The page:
There are seven key steps in producing a Neighbourhood Plan:
1. Designating the Neighbourhood Area and Forum
Parished areas are automatically designated for as a Neighbourhood Area however the Parish Council must register an interest with us to become a qualifying body to produce a Neighbourhood Plan.
In an unparished area it is up to the community to draw the Neighbourhood Area boundary. The proposed Neighbourhood Area is submitted to us and we will consult on the proposal for a statutory 6 week period and will decide, upon receiving comments from the public, whether to designate the area or to amend the boundary.
A community group can apply to us to become a designated Neighbourhood Forum providing it meets the following criteria:
- 21 members (minimum) that live and/or work in the Neighbourhood Area
- At least one ward member in the Forum, or evidence to show efforts made to include them where this has not been possible
- A written constitution (see example Constitution from Locality)
- A statement explaining how you meet the criteria and why you are suitable to be designated as a Neighbourhood Forum
- Open membership
We will consult on the proposal for a statutory 6 week period and will then decide, upon receiving comments from the public, whether the Forum meets the required criteria and whether to designate the Neighbourhood Forum.
Both the Neighbourhood Area and Neighbourhood Forum applications can be submitted and consulted upon at once.
2. Preparing a Neighbourhood Plan
Once the Forum is designated, it will need to identify the aims and objectives for the plan, begin community engagement and start to pull together an evidence base. Once the evidence base is established the Forum will start to draft policies and proposals for the plan.
This process can take on average 18 months to 3 years as applications for funding and commissioned evidence and analysis can take time to come forward.
It is important that you keep engaging with communities and keep them up to date with your progress throughout this period. It is also important that you regularly meet with the planning team at Wigan Council throughout this process to ensure that your plan meets the basic conditions and conforms to the Local Plan.
3. Pre-submission consultation on the plan
Once a draft plan is produced it will need to be consulted on for a 6 week period, this is carried out by the Parish Council or Neighbourhood Forum and must be evidenced in the consultation report submitted to us. This consultation will allow you to make any necessary changes that come forward from comments made by the public in advance of submitting the plan for examination.
4. Submission of the plan
Once you are happy that you have completed your plan and have carried out the statutory 6 week consultation, the plan will be submitted to us to publicise and consult on the plan for a further 6 weeks.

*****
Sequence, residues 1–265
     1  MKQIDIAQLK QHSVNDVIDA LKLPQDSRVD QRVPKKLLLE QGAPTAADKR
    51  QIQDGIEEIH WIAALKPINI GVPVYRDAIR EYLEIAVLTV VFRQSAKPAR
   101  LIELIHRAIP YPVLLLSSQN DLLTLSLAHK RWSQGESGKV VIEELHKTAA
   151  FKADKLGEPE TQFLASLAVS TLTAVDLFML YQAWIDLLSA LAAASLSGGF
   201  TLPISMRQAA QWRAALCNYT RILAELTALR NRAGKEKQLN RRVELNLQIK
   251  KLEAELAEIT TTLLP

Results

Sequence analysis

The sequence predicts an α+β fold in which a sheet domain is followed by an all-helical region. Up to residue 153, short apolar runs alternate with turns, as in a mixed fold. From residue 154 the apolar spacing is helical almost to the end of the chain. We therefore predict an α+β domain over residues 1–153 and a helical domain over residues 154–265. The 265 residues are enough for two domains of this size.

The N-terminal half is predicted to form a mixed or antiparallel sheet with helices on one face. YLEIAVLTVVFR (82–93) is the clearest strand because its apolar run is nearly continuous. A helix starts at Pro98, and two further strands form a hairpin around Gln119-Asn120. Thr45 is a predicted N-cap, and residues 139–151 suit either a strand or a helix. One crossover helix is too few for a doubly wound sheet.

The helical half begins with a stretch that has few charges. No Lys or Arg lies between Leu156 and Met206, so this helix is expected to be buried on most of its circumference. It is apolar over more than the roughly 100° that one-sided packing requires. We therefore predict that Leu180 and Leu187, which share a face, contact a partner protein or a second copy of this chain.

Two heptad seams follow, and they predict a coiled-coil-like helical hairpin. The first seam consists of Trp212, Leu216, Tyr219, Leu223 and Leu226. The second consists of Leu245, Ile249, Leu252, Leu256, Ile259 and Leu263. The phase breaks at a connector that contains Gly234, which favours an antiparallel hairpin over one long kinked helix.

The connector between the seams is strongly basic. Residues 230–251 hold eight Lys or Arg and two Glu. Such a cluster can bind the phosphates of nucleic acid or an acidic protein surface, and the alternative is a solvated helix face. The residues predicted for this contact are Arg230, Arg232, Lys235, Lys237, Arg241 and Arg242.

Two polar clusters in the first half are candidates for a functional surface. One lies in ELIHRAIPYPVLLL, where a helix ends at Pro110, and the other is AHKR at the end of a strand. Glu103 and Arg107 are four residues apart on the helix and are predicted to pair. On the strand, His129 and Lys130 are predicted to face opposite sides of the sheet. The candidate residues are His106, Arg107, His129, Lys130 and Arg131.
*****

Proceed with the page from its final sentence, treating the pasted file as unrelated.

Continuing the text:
At this stage, the documents submitted will include:
- A copy of the Neighbourhood Plan
- A statement explaining how the plan meets the basic conditions
- A Strategic Environmental Assessment report or a statement explaining why one is not needed
- A consultation report outlining all of the engagement undertaken throughout the plan process.
5. Independent examination of the plan
We will appoint an independent examiner to check the plan meets the basic conditions and standards. The examiner will take into account any formal representations submitted to us during the consultation period. It is not expected that a public hearing will take place during the examination unless the examiner feels it necessary to do so.
The length of time taken during the examination will depend on the number of policies and the complexity of the plan. On average it takes 3-4 weeks from appointing an examiner to receiving the examiners report.
The examiner will recommend that the plan proceed to referendum, requires modifications (to be made by us) in advance of a referendum, or to not proceed to referendum.
We will organise the referendum of any plan deemed to meet the basic conditions. Any person living within the Neighbourhood Area that is registered to vote in local elections will be able to vote on the plan, if more than 50% of the people voting in the referendum support the plan then the plan will be made.
7. Adoption or making of the plan (bringing it into legal force)
If the plan passes referendum it will become a part of the statutory development plan or Local Plan for Wigan and will be given substantial weight in considering planning applications in the area.
Neighbourhood planning process and examples of documents to be submitted